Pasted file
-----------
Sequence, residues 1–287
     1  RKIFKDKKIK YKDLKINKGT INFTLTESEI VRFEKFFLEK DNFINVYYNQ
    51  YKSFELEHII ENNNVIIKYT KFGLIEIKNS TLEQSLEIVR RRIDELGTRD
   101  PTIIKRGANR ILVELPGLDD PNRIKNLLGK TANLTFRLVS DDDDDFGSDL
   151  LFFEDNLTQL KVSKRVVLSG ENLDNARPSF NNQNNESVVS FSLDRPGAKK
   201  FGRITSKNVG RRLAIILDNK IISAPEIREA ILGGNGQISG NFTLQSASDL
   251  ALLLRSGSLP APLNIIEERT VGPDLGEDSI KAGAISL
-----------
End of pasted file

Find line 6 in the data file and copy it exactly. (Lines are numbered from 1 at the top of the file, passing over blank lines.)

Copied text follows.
   201  FGRITSKNVG RRLAIILDNK IISAPEIREA ILGGNGQISG NFTLQSASDL